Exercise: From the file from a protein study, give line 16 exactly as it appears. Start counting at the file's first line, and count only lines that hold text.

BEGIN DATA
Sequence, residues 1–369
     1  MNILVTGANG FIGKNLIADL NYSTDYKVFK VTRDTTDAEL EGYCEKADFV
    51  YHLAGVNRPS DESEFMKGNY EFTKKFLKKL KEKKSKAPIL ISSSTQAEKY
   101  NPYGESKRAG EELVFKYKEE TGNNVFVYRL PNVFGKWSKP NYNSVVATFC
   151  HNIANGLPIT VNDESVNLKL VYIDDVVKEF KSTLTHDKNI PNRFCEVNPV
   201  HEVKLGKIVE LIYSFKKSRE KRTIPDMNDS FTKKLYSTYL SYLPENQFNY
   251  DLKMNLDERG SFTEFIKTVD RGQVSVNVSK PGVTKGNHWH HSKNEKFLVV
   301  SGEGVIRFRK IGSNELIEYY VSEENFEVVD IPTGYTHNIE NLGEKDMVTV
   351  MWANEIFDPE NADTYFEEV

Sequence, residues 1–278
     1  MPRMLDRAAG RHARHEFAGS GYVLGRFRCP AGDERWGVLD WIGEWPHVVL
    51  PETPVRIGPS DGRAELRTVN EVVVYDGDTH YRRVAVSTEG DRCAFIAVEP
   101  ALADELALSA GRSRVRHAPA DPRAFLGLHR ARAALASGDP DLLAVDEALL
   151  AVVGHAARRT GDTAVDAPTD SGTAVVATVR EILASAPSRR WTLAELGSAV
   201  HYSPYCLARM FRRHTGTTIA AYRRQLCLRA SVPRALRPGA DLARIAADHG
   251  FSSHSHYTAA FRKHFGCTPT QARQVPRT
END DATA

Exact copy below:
   251  FSSHSHYTAA FRKHFGCTPT QARQVPRT